Kruskal-Wallis test: overview

This page offers structured overviews of one or more selected methods. Add additional methods for comparisons by clicking on the dropdown button in the right-hand column. To practice with a specific method click the button at the bottom row of the table

Kruskal-Wallis test
Independent variable
One categorical with $I$ independent groups ($I \geqslant 2$)
Dependent variable
One categorical of ordinal level
Null hypothesis
Formulation 1:
  • The scores in any of the $I$ populations are not systematically higher or lower than the scores in any of the other populations
Formulation 2:
  • The probability that an observation from population $g$ exceeds an observation from population $h$ is the same as the probability that an observation from population $h$ exceeds an observation from population $g$, for each pair of groups.
Formulation 3:
  • P(observation from population $g$ > observation from population $h$) = P(observation from population $h$ > observation from population $g$), for each pair of groups.
Alternative hypothesis
Formulation 1:
  • The scores in some populations are systematically higher or lower than the scores in other populations
Formulation 2:
  • For at least one pair of groups, the probability that an observation from population $g$ exceeds an observation from population $h$ is not the same as the probability that an observation from population $h$ exceeds an observation from population $g$.
Formulation 3:
  • For at least one pair of groups:
    P(observation from population $g$ > observation from population $h$) $\neq$ P(observation from population $h$ > observation from population $g$)
Assumptions
Group 1 sample is a simple random sample (SRS) from population 1, group 2 sample is an independent SRS from population 2, $\ldots$, group $I$ sample is an independent SRS from population $I$. That is, within and between groups, observations are independent of one another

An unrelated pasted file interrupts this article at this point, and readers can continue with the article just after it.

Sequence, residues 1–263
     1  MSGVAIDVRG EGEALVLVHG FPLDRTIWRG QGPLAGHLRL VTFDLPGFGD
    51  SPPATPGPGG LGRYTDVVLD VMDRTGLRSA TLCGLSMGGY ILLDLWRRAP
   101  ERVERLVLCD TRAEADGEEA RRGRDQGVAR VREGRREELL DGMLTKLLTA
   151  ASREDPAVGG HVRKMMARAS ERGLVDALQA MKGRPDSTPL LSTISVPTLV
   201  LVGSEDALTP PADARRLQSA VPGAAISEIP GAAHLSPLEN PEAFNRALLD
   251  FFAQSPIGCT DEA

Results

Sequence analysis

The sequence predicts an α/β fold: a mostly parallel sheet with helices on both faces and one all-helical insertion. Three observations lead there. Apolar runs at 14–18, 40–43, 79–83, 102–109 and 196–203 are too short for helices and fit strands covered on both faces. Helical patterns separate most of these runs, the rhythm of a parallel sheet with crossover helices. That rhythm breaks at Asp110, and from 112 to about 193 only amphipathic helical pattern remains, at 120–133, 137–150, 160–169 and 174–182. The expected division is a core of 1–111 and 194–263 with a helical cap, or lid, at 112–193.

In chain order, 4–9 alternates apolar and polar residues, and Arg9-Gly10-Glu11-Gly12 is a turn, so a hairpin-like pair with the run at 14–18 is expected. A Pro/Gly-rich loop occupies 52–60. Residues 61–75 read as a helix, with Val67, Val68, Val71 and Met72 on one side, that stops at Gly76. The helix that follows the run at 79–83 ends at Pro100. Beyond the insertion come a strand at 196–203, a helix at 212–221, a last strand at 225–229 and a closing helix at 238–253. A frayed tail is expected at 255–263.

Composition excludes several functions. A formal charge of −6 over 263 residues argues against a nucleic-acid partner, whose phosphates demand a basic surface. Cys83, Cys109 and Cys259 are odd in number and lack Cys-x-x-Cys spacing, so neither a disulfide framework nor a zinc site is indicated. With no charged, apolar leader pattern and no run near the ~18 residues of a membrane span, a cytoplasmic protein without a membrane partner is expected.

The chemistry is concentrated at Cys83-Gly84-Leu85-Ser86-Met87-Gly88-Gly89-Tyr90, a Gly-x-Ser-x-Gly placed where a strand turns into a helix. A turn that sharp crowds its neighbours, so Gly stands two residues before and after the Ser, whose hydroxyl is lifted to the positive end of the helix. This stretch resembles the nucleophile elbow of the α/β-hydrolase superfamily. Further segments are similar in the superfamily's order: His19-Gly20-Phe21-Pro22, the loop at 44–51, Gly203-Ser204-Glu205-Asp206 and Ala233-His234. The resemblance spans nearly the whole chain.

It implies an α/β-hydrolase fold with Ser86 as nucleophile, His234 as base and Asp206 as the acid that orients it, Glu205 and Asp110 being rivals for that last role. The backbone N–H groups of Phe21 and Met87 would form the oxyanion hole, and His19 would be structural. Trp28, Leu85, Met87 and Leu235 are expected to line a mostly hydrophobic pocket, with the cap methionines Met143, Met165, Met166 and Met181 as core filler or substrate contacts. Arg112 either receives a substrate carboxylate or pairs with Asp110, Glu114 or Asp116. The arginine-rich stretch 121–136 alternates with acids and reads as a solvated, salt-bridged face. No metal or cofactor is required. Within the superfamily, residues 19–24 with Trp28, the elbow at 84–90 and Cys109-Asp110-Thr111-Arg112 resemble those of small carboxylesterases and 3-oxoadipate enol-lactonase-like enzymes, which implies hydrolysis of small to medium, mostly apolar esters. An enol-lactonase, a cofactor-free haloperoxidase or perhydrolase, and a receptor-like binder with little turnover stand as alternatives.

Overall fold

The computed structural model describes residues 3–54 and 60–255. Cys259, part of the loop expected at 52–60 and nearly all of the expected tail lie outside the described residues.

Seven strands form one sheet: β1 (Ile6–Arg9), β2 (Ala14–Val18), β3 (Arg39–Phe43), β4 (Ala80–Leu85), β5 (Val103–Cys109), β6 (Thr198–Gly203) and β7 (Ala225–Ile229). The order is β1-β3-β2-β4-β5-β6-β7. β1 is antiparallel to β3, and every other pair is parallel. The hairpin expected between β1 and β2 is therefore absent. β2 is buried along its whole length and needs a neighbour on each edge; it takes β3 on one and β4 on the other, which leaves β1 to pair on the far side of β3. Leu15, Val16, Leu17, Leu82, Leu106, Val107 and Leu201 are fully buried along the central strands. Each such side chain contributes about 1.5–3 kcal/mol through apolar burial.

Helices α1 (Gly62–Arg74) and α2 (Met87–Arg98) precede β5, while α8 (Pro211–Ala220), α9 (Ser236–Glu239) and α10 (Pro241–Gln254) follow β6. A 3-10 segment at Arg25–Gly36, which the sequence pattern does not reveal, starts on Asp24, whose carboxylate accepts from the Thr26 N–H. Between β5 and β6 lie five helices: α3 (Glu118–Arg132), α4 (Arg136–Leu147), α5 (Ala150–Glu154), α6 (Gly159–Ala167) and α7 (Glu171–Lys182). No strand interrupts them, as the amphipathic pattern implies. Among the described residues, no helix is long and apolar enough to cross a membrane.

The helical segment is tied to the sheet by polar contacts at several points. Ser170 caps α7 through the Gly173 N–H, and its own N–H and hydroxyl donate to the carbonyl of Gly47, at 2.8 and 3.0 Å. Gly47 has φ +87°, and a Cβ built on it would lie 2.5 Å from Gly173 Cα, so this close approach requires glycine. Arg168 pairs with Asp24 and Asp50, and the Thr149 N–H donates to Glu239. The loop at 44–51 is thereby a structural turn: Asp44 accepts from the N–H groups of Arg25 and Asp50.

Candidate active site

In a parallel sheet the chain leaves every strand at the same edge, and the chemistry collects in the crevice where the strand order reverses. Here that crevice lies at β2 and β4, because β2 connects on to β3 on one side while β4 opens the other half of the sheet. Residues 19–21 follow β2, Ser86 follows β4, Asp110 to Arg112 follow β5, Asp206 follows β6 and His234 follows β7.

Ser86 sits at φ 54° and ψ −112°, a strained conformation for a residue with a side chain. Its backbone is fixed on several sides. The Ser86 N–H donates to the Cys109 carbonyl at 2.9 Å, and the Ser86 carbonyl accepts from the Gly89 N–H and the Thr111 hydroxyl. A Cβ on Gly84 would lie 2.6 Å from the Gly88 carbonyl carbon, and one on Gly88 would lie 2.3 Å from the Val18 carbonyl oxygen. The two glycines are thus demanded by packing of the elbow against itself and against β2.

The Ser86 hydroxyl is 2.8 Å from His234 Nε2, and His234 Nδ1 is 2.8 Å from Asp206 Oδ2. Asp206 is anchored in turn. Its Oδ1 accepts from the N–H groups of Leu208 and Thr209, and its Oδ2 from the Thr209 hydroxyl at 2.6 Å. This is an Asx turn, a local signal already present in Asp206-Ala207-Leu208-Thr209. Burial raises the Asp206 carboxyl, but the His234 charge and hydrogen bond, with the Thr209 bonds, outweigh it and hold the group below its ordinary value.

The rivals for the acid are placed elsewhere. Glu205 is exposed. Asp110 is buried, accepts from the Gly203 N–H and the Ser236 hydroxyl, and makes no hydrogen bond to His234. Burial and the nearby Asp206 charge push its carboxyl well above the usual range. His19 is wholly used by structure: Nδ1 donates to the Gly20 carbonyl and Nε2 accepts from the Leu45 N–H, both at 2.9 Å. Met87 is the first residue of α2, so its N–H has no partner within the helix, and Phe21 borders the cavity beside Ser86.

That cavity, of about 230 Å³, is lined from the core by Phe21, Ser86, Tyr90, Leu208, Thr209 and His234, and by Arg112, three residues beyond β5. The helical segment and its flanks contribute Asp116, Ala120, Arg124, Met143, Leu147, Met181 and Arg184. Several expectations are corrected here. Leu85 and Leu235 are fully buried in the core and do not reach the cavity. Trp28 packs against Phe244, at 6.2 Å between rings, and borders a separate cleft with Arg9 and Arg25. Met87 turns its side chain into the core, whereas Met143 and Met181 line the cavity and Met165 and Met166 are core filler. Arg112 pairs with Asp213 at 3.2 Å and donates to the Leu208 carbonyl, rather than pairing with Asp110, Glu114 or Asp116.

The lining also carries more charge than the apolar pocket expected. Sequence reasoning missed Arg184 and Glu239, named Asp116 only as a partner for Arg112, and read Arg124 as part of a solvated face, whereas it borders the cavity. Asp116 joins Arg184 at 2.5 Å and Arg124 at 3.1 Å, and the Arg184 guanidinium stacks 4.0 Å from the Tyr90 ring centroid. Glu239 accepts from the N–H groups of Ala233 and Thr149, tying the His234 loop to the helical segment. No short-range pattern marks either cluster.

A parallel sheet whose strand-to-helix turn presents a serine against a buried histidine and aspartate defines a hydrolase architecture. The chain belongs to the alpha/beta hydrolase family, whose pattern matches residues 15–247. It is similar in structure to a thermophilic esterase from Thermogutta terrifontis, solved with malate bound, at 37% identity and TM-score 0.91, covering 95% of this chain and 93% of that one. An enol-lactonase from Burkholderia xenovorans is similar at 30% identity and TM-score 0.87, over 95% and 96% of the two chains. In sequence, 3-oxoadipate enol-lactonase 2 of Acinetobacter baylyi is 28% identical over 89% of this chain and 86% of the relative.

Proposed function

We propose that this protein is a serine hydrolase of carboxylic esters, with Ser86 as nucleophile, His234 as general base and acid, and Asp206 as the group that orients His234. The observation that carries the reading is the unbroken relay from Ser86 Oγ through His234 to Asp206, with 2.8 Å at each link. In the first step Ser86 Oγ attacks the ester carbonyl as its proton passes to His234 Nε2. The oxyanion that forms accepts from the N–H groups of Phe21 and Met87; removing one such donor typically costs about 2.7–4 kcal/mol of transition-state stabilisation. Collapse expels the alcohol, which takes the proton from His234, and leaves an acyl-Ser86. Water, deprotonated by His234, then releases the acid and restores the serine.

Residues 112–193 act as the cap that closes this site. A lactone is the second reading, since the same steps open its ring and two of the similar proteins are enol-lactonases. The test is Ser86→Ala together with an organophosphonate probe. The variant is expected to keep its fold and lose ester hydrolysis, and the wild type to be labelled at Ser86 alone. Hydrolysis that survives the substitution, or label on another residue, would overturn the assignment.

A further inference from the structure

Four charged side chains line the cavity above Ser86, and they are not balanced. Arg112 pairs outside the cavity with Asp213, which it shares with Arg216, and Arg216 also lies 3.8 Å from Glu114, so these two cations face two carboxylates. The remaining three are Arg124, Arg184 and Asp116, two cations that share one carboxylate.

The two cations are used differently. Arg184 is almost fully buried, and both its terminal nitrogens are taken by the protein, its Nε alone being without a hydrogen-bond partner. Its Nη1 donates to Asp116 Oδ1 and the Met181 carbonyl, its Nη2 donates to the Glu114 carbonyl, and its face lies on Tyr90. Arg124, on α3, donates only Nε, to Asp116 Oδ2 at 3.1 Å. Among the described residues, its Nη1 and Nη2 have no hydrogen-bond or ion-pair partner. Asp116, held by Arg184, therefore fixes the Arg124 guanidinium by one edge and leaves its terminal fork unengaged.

Test statistic

$H = \dfrac{12}{N (N + 1)} \sum \dfrac{R^2_i}{n_i} - 3(N + 1)$

Here $N$ is the total sample size, $R_i$ is the sum of the ranks for sample $i$, and $n_i$ is the sample size for sample $i$. Remember that multiplication precedes addition, so first compute $\frac{12}{N (N + 1)} \times \sum \frac{R^2_i}{n_i}$ and then subtract $3(N + 1)$.

Note: if ties are present in the data, the formula for $H$ is more complicated.
Sampling distribution of $H$ if H0 were true

For large samples, approximately the chi-squared distribution with $I - 1$ degrees of freedom.

For small samples, the exact distribution of $H$ should be used.

Significant?
For large samples, the table with critical $X^2$ values can be used. If we denote $X^2 = H$:
  • Check if $X^2$ observed in sample is equal to or larger than critical value $X^{2*}$ or
  • Find $p$ value corresponding to observed $X^2$ and check if it is equal to or smaller than $\alpha$
Example context
Do people from different religions tend to score different on social economic status?
Pratice questions